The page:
Congressman Scott Peters asked the state schools superintendent this week to consider giving funding to the San Diego Unified School District for homeless students even though its grant application was missing a signature.
Why this matters
California school districts are eligible to apply for up to $250,000 in federal funding annually to help homeless students succeed. Whether districts get the money depends on how well their grant writers do in explaining the need for the funding.
The San Diego Democrat sent the letter to the superintendent four days after inewsource revealed that the district was disqualified for a grant that could have provided $250,000 annually for San Diego Unified homeless students over a three-year period. State education officials said the application was disqualified because of a missing signature from a finance official.
“I sent this letter to the State Superintendent because I want to stand up for homeless youth in our communities,” Peters said in an email to inewsource. “These students are especially vulnerable and I am deeply concerned about how their education might suffer without this funding.”
In his letter, Peters requested Superintendent Tom Torlakson reevaluate how the state Department of Education reviews grant applications and notifies districts of problems with them.
He specifically asked the department whether it contacts districts “with otherwise-promising applications” if they are incomplete. He also said he wanted to know if a missing signature disqualifies applicants for any other grants.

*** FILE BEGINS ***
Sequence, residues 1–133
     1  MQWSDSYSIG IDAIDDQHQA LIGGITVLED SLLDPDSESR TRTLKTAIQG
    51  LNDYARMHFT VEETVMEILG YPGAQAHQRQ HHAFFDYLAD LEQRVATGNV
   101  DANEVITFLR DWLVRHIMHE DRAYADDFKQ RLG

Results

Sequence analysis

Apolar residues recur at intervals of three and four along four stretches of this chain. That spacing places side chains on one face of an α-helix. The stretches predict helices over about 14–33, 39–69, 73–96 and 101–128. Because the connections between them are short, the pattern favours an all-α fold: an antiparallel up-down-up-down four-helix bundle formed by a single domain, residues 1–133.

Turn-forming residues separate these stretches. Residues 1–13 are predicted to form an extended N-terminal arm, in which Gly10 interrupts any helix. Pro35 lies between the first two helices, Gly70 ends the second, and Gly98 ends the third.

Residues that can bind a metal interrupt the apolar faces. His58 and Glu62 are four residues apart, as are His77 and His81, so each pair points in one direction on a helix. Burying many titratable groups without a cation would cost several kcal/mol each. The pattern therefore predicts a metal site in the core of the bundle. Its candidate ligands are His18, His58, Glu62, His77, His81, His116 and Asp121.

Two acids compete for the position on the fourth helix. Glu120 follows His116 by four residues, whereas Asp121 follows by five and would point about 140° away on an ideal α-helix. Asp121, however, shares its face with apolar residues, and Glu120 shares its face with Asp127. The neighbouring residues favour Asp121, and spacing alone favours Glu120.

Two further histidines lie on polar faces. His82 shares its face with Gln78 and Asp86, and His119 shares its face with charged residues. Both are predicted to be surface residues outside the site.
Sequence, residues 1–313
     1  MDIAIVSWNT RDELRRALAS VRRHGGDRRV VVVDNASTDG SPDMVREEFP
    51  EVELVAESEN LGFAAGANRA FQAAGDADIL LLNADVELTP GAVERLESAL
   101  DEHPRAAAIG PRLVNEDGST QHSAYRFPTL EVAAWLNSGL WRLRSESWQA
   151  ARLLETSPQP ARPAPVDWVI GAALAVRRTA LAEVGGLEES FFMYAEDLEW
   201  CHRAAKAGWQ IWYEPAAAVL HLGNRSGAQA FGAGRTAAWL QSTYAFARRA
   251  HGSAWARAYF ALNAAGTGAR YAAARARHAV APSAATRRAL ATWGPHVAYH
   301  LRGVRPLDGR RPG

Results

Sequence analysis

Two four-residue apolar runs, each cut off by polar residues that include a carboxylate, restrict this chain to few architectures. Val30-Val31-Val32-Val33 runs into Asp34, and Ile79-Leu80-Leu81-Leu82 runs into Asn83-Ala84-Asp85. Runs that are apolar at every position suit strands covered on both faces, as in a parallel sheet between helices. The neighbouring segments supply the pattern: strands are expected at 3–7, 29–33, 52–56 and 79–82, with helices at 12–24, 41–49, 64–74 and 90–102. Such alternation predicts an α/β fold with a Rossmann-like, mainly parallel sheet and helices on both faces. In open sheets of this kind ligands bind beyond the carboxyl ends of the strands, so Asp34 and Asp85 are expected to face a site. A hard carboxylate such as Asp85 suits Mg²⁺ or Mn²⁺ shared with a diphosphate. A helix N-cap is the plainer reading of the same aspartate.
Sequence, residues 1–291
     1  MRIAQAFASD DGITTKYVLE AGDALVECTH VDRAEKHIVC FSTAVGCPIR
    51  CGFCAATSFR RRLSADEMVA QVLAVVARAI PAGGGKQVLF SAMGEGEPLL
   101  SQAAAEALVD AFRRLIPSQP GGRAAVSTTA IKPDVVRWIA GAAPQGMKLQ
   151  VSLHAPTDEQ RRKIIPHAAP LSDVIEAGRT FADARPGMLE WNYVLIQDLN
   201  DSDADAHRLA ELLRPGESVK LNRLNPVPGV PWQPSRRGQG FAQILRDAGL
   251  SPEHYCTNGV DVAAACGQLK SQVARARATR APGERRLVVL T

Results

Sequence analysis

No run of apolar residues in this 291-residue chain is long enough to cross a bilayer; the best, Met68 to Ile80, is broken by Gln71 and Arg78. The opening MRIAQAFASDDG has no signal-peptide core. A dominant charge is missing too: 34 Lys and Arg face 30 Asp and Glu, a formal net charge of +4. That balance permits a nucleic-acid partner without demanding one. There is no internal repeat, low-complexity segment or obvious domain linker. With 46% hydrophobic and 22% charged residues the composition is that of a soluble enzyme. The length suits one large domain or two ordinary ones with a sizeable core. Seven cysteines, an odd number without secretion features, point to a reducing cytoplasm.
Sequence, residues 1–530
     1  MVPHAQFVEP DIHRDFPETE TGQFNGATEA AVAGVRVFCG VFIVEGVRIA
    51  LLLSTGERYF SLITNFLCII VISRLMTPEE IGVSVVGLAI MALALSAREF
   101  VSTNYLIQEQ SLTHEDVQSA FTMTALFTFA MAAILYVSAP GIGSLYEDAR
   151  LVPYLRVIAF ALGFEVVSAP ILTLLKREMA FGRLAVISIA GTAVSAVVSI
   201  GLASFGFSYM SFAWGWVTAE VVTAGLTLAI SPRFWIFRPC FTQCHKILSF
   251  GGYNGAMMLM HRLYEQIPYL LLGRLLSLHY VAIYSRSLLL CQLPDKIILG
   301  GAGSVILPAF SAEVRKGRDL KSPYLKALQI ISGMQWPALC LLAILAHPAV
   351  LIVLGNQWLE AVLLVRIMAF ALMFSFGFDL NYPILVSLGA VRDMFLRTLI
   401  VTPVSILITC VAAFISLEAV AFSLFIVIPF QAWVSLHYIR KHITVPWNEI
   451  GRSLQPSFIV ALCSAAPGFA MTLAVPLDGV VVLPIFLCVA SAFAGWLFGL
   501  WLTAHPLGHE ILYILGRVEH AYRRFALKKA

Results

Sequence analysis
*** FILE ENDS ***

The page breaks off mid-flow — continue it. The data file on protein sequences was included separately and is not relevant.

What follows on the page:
Peters said the district “acknowledges they made an honest mistake, but flat out denial of (a) much-needed grant on this basis is a drastic penalty.” He also asked if the district could apply for homeless student funding over the next three years if some awards go unused.
Jennifer Coronel, who oversees San Diego Unified’s homeless student programs, accepted the blame for not obtaining the signature on the 43-page application. She said new protocols are in place now to ensure grant applications don’t go unsigned.
She also said the district has restructured her office to ensure its homeless students get the assistance they need. The district had the third most homeless students in the state last year, behind Los Angeles Unified and Long Beach.
State education officials did not respond to requests from inewsource on whether Peters’ plea to help San Diego Unified might succeed.
May 11, 2018
An official has taken the blame for San Diego Unified’s lost funding to help its homeless students.
May 11, 2018
A missing signature on a grant application means San Diego Unified has lost its chance to receive $750,000 in federal funding to help homeless students.
New data show more than 23,800 students were homeless during the 2016-17 school year in San Diego County — a record high and a 4.7 percent increase over the previous year.
A searchable database of homeless student enrollment in San Diego County by district and charter school.
We’ll let you know when big things happen.